Missouri lawmakers are moving closer to approving more funding for Missouri's transportation system via an increased fuel tax.
The House Transportation Committee voted 13-0 to approve Senate Bill 262, legislation that would provide more than $500 million annually in additional funding for MoDOT to put toward roads and bridges.
The bill now goes to the full House. The Senate approved the measure in March.
The legislation, sponsored by Sen. Dave Schatz, R-Sullivan, would work to address the state's $825 million annual transportation funding shortfall.
The bill would phase in an increase in the gas tax by 2.5 cents each year over five years, and it includes a rebate mechanism so drivers who do not wish to pay the increase can get their money back. The legislation also would allow drivers to save their gas receipts and apply for a refund once a year.
The legislation also phases in increased fees on electric vehicles.
A study released last week showed that passing Senate Bill 262 could create a $1.8 billion positive impact on Missouri's economy. This would also create an overall increase of $722 million in earnings across the state and more than 17,000 jobs.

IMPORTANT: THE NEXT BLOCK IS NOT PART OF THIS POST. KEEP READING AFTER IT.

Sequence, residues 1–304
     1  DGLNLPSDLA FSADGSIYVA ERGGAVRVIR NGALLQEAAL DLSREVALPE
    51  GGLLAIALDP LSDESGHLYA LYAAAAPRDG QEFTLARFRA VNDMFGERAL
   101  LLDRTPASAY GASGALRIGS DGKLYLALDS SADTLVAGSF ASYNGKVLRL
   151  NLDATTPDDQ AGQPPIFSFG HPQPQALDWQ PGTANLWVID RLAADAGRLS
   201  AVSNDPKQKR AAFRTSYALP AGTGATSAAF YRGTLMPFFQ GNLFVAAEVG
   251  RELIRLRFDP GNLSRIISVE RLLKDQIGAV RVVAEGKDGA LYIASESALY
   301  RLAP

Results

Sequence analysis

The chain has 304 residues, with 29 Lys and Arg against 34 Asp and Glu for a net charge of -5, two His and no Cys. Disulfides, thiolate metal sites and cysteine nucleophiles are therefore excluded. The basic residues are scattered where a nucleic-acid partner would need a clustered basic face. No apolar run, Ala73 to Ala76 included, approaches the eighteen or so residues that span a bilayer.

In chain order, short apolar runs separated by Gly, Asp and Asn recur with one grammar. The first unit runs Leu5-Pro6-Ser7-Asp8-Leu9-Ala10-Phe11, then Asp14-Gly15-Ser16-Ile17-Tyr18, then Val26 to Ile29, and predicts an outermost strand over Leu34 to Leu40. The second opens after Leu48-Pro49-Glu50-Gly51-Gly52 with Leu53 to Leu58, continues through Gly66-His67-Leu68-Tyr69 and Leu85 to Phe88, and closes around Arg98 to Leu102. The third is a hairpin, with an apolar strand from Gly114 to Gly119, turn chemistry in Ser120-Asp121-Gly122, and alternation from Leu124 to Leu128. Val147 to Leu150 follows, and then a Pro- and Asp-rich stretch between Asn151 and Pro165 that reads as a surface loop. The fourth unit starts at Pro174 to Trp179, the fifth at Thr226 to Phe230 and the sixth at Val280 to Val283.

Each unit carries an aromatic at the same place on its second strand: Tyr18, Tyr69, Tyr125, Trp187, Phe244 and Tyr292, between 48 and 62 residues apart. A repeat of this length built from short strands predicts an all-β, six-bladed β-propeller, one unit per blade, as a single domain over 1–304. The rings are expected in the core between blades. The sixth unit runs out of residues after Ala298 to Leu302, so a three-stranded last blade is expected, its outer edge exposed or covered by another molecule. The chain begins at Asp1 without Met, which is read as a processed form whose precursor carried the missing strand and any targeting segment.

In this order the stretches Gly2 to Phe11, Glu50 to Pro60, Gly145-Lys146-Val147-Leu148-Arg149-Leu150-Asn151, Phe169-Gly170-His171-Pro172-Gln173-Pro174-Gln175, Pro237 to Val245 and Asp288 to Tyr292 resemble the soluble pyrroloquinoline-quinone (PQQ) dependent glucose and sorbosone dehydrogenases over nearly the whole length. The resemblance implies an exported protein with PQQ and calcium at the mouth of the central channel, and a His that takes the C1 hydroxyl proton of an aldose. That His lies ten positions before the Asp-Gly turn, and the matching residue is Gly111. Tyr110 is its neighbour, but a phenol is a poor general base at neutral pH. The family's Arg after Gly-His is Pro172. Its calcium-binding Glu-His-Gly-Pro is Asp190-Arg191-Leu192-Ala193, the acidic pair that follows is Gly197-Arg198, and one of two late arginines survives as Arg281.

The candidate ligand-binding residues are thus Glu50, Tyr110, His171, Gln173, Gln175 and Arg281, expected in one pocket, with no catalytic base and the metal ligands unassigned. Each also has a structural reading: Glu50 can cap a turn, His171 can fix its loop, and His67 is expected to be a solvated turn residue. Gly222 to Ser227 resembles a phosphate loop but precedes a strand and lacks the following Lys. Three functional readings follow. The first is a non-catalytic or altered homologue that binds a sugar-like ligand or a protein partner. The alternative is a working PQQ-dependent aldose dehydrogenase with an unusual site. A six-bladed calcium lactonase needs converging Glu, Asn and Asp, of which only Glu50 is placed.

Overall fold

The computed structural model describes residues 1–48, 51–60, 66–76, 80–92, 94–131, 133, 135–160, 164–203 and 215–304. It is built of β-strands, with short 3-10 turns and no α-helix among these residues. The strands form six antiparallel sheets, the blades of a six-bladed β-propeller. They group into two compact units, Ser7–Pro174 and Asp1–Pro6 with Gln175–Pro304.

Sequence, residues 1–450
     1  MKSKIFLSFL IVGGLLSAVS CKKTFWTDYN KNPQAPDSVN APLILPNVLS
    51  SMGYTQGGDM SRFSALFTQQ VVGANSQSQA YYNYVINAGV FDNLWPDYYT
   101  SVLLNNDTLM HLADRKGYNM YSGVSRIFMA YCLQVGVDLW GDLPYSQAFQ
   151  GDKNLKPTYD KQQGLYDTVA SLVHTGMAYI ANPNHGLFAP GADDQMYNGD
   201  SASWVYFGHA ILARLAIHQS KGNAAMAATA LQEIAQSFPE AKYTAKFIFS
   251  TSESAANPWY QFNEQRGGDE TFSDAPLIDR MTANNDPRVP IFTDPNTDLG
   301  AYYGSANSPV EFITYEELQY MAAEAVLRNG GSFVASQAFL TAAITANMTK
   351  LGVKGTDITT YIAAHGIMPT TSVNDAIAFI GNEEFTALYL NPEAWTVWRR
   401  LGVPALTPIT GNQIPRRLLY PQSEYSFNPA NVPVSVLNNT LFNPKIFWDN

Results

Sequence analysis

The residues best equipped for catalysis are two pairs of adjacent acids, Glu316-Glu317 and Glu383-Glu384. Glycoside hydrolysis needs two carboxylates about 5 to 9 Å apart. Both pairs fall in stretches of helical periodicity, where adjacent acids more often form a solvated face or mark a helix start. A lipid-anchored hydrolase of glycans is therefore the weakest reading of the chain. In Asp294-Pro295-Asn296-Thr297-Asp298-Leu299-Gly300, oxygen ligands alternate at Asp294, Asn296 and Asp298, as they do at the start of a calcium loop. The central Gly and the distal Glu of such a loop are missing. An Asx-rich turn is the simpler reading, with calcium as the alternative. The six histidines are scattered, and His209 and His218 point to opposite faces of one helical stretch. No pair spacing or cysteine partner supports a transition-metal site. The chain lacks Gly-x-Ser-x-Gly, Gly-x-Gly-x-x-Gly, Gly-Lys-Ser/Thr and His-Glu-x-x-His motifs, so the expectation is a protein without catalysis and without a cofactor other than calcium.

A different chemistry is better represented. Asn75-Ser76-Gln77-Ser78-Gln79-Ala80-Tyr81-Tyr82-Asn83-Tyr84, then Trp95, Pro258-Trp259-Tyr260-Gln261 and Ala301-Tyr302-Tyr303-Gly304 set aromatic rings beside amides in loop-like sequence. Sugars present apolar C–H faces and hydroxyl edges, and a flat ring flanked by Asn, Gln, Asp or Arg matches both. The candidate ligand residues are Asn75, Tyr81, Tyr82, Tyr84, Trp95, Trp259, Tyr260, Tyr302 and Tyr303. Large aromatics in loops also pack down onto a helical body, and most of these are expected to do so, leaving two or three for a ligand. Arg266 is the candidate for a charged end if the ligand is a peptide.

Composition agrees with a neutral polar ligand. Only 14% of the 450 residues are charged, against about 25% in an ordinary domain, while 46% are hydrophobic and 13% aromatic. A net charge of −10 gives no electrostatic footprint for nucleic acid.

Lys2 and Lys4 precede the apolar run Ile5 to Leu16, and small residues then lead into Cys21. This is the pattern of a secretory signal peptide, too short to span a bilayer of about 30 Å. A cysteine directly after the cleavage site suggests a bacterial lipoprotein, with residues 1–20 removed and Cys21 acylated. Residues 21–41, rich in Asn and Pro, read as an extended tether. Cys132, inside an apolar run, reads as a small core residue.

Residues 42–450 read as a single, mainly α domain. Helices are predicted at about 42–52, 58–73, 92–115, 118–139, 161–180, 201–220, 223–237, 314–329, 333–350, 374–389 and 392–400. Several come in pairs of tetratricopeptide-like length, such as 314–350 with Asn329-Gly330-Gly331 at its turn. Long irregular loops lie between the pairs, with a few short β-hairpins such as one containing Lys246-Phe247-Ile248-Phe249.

The state has the second lowest fuel tax in the nation, at 17 cents per gallon, but has the seventh largest road system, according to the Missouri Department of Transportation.
Missouri has not seen a rise in fuel tax since 1996.
Gov. Mike Parson and business and labor groups also support the proposed increase.
House Speaker Rob Vescovo, R- Arnold, has previously said he's against tax hikes. And it is unclear how quickly the proposal could come to a vote, with three weeks left in the session, the St. Louis Post-Dispatch reported.
The work of the Missouri News Network is written by Missouri School of Journalism students and editors for publication by Missouri Press Association member newspapers. The Associated Press contributed to this report.